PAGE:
Thursday, February 21, 2013

Worst Trade of the Year?

Jeff Cox of CNBC reports, Worst Trade of the Year? Bet Against Bond Market:
While going long the stock market has been a great trade so far in 2013, betting that the bond market would suffer as a result could be the worst.

True, equities in a broad sense have outperformed their fixed income counterparts.

But the so-called Great Rotation trade that many market professionals had been looking for has failed to show any signs of materializing.

"Redistribution is not the same as rotation," said Kevin Ferry, president of Cronus Futures Management in Chicago and a trader not in the Great Rotation camp.

Ferry's point is not an arcane one - indeed, it goes to the heart of whether the 2013 market will be driven by an accelerated risk-on trade that finally will fulfill all those prophecies that the bond bull market is over, or if the safety play remains viable for investors' portfolios even if the stock market grows.

(Read More: Money Pouring Into Stocks 'Is Usually a Negative Sign')

The rotation play holds that investors will reverse four years of money flowing out of equities and into bonds.

So far, flows show that only half that trend has occurred.

In the first month and a half mutual funds that invest in stocks have taken in a robust $43.8 billion, a post-financial crisis high. If the rotation theme held, it would be likely to see a similar amount come out of fixed income mutual funds.

Instead, bond funds have taken in $37.6 billion - less than equities to be sure, but still a strong allocation and not indicative of a pronounced move out of bonds and into stocks.

So where has the equity side gotten all this money?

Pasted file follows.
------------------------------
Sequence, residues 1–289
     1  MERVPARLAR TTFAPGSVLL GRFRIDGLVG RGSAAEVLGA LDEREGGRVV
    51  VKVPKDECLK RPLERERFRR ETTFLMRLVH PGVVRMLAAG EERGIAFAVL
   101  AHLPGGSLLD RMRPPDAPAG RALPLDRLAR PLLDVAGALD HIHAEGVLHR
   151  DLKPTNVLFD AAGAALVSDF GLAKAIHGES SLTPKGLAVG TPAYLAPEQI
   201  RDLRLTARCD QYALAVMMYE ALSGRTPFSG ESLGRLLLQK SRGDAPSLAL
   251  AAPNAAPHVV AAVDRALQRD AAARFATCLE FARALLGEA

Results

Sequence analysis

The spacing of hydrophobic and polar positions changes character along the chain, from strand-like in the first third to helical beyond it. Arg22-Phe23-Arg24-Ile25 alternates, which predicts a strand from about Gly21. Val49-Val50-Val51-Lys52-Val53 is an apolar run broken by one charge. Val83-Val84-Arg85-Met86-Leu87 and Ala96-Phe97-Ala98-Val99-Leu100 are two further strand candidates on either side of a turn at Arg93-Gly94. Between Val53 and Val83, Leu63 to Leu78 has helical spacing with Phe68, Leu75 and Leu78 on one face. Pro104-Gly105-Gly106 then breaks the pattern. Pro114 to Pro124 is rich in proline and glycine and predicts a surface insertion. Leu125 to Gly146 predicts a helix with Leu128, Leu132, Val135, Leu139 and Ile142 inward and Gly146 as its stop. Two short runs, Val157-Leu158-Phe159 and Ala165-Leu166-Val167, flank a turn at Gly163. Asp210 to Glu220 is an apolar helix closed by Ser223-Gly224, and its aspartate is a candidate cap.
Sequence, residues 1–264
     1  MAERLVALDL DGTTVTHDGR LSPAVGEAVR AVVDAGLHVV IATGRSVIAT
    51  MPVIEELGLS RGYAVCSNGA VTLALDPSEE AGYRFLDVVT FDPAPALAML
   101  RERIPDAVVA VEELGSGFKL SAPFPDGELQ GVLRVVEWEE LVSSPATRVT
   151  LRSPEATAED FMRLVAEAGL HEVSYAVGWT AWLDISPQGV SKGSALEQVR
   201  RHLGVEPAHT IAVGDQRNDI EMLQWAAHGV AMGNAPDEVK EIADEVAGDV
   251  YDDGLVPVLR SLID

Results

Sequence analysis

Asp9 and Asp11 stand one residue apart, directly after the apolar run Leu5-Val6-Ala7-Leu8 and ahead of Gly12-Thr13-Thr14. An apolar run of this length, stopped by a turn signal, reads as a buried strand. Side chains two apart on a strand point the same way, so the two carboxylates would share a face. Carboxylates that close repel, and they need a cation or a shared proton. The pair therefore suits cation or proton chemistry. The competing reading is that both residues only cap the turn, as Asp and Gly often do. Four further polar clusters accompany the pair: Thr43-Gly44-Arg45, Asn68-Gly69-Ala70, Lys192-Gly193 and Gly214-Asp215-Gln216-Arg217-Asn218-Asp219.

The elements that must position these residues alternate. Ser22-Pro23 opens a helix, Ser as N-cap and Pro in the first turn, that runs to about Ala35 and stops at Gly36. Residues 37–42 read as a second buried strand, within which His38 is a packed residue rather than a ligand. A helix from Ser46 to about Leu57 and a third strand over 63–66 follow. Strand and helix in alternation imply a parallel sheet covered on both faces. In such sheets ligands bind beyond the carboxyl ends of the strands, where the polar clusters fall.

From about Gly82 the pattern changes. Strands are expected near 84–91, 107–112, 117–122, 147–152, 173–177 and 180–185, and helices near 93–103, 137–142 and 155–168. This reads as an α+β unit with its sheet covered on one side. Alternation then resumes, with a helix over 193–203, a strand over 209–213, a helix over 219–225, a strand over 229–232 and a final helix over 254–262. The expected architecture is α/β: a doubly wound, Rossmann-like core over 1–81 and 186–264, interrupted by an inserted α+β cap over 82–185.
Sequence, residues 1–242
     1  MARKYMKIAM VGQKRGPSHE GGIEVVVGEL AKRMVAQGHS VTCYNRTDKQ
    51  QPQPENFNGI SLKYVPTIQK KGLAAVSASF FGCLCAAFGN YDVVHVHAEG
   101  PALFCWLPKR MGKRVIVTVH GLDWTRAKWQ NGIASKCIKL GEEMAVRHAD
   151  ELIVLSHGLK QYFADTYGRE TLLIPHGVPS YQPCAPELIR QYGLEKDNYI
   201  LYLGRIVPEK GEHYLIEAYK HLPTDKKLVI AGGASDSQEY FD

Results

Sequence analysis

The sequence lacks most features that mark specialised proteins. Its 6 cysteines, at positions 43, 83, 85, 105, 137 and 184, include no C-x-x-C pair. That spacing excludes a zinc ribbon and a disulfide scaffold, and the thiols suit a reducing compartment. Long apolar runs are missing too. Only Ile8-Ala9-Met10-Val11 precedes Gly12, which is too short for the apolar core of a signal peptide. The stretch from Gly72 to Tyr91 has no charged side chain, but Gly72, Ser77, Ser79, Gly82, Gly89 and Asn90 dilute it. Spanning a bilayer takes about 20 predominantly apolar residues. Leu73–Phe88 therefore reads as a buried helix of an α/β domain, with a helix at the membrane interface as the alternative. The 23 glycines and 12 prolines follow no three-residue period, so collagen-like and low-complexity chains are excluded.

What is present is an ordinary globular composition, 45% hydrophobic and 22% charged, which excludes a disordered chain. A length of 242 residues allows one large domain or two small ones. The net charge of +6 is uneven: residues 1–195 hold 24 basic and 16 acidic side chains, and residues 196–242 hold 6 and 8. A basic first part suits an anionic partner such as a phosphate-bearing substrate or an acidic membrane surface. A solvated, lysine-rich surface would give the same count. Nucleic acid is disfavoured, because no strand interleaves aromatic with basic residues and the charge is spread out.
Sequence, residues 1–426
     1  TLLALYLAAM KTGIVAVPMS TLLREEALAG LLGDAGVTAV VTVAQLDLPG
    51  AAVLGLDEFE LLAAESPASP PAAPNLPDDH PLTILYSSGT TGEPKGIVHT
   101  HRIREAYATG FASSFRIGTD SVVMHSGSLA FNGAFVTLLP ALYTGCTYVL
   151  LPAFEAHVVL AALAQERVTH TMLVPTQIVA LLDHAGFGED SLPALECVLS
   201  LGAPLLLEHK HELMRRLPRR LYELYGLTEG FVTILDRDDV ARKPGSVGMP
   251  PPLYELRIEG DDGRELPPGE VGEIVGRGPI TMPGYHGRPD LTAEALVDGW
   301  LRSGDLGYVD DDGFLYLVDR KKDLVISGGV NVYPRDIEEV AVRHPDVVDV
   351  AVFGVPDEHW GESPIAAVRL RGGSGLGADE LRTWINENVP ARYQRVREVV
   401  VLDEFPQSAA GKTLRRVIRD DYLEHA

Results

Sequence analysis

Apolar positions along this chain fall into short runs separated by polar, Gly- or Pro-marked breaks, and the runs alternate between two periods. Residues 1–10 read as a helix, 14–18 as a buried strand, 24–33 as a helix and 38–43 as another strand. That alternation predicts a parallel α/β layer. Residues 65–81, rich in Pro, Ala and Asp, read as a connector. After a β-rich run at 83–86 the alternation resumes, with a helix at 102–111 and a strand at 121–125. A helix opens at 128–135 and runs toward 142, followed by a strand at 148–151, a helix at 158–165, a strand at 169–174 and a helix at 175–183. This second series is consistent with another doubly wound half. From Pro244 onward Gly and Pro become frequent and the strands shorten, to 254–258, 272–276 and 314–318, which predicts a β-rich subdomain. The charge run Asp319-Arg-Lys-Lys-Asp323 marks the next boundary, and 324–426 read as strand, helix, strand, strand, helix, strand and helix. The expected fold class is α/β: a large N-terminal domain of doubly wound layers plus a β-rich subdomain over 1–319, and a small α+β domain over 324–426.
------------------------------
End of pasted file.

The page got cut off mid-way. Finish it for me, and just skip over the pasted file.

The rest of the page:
Money market funds - the dead pool that became so popular after the crisis - have lost $37 billion so far, helping explain the boon to stocks, and revealing an investor mentality in which the stock market is seen as a much better store of wealth than the zero-yielding alternative.

This has been pretty much the whole idea as the Federal Reserve has rolled through three rounds of bond buying known as quantitative easing designed to force yields down so much that investors will have no other choice but to seek out risk.

"It works until it doesn't," Ferry said. "That's what QE does - it turns the capital markets into an ATM machine. As long as there's not an exogenous event, you're OK."

(Read More: Central Banks Gone Wild: What Can Investors Do?)

If there has been a rotation, in fact, it probably is more from safer fixed-income instruments such as the benchmark 10-year Treasury note into higher-yielding bonds such as corporate junk.

Broadly, bonds as measured by the Barclays Composite Index have returned about 3 percent in 2013, but Treasurys have lost 3.5 percent. Corporate high-yield has returned 1.3 percent, while dividend growth is up nearly 6 percent.

Conversely, the Standard & Poor's 500 stock market index has gained 6.5 percent.

(Read More: Spending Cuts Loom as 'No. 1 Threat' to Market)

Looking purely at fund flows, exchange-traded products have seen about $1.2 billion come into bond funds, but double that for higher-yielding riskier offerings.

Ferry said the bond market actually has performed efficiently this year, with yields rising but in tandem, indicating that the yield curve remains constructive.

Still, Bank of America Merrill Lynch, one of the loudest proponents of the Great Rotation, insists that the trade is only in its early days even if appearances suggest otherwise.

"The Great Rotation theme is risk supportive, but even assuming volatility stays low and the macro remains in a trading range, the best outcome is for equities and other risk assets is to grind higher in coming months," Michael Hartnett, BofA's chief investment strategist, said in a note.